Romania expected to continue monetary tightening amid uncontrolled inflation

Romania expected to continue monetary tightening amid uncontrolled inflation
The BNR will hold a rate-setting meeting on November 8.
By bne IntelliNews November 8, 2022

Analysts expect a 50bp rate hike (the median expectation in the Bloomberg survey) at the monetary board meeting of the National Bank of Romania (BNR) on November 8, with “significant” chances seen by some for a more hawkish 75bp move, according to a survey among analysts carried out by Ziarul Financiar daily.

BNR increased the policy interest rate by 75bp (rather more than expected) at its latest board meeting in October when it also said that the inflationary outlook had deteriorated.

Analysts expect the end of the monetary tightening cycle soon, including for reasons related to the economic slowdown. 

“Given the expected profile of inflation and the very likely slowdown or even contraction of the economy in Q4 and Q1, we believe that the end of the monetary policy tightening cycle is near. Whether it is in November at 6.75% (our estimate) or in January 2023 at 7% is probably less relevant to local rates which tend to correlate more with liquidity conditions than the key rate,” according to ING analyst Valentin Tătaru.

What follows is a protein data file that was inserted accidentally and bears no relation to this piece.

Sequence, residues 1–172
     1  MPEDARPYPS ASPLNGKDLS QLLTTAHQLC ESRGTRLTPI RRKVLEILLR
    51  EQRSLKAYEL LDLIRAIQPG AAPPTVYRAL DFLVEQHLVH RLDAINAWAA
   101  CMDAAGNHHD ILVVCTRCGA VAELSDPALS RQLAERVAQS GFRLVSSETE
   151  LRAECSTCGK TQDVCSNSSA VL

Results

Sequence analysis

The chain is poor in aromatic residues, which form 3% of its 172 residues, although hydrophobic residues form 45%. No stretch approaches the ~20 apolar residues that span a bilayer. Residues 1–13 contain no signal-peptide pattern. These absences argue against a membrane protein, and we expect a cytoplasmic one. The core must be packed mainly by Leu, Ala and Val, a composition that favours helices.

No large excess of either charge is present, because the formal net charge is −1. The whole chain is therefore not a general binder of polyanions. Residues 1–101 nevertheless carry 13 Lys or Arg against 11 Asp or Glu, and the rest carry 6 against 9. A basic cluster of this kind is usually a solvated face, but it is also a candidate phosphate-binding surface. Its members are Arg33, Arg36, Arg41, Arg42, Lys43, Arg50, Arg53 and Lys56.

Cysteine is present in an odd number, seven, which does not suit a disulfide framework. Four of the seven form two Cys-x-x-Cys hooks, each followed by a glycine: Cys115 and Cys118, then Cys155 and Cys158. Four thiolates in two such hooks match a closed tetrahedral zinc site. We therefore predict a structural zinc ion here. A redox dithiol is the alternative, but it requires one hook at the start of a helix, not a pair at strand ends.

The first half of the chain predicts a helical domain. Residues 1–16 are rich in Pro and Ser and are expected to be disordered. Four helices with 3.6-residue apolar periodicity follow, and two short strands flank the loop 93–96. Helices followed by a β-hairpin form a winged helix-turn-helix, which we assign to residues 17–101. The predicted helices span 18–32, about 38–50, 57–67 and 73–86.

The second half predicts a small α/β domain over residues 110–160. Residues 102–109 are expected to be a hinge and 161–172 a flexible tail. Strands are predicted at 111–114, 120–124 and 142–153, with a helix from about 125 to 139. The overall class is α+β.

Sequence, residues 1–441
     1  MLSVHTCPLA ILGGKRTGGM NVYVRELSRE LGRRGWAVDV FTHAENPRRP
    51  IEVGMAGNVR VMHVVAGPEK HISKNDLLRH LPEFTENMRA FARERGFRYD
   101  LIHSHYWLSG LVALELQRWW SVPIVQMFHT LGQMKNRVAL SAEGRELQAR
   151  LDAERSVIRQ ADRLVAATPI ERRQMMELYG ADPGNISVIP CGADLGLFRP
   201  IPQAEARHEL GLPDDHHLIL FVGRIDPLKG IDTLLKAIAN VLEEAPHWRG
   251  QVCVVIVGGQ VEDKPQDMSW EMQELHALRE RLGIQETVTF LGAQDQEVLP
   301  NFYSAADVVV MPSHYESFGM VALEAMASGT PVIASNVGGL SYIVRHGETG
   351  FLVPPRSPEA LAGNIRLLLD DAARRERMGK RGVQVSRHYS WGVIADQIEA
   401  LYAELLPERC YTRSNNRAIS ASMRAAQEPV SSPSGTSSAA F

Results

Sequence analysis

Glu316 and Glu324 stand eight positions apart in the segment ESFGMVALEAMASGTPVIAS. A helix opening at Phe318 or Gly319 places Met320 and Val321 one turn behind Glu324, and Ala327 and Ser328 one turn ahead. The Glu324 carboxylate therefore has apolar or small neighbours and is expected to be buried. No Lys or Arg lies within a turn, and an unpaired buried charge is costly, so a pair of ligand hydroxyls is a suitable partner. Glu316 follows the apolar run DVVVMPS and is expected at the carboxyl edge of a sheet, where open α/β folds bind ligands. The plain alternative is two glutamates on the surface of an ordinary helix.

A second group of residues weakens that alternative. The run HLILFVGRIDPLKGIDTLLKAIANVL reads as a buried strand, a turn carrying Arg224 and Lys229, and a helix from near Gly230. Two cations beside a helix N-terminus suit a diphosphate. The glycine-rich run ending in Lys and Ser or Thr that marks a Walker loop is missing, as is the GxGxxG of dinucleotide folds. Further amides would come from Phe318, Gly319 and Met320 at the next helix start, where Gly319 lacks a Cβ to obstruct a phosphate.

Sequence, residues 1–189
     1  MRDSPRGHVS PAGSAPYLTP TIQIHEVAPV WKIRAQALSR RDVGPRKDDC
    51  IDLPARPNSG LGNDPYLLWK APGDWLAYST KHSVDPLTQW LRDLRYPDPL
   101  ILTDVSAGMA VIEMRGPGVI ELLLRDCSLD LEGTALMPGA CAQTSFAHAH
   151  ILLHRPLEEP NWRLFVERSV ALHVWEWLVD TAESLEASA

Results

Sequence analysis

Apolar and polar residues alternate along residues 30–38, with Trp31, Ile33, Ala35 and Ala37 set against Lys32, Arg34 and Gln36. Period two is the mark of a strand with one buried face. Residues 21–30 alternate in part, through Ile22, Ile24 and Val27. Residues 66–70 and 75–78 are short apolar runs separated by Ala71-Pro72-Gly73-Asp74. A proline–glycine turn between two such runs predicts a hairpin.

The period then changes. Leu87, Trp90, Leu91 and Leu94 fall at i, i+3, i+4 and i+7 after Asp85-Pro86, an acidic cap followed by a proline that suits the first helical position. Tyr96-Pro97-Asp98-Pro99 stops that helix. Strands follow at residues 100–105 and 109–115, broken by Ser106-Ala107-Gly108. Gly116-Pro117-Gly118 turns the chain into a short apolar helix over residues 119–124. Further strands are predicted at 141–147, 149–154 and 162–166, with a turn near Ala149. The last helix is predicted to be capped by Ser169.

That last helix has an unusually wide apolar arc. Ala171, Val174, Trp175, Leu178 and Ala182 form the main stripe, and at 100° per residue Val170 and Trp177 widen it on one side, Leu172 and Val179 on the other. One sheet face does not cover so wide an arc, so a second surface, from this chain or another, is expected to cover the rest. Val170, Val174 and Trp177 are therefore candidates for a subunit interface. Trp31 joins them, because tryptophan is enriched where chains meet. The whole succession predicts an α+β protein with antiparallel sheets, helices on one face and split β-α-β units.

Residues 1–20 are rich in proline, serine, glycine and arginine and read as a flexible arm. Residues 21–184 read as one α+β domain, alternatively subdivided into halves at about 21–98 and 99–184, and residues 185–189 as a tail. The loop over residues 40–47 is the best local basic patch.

But these are rather conservative forecasts, which incorporate analysts’ perceptions of the BNR’s rather conservative approach. With the core inflation above 11%, however, the situation might change. The inflationary expectations are no longer under the control of the BNR’s rhetoric after the rising inflation has repeatedly invalidated previous projections.

Ciprian Dascălu, BCR's chief economist, expects the BNR to raise the key interest rate by 50bp at 6.75% with “a significant probability” for a 75bp hike based on the inflation figures having exceeded the BNR's August forecast. 

Former finance minister and prime minister Florin Citu has argued that the BNR should bring the refinancing rate gradually towards the core inflation, which was over 11% y/y in August if the updated inflation outlook deteriorates compared to past expectations.

Such a deterioration was already hinted at by central bank officials last month. 

Fighting inflation despite the government’s preference for more affordable financing costs is a test for the central bank’s independence, Citu stressed, adding that the BNR is waiting in vain to see the executive contributing to price stability through tighter fiscal discipline.

While the BNR and government experts may argue that the inflation is now of an exogenous nature, it is equally true that expected inflation remains a major, if not the largest, contributor to overall inflation.

A wave of wage hikes and price upward corrections is highly likely over the coming couple of months, largely driven not only by the energy and food prices but also by the general expectations for the prolonged inflationary cycle.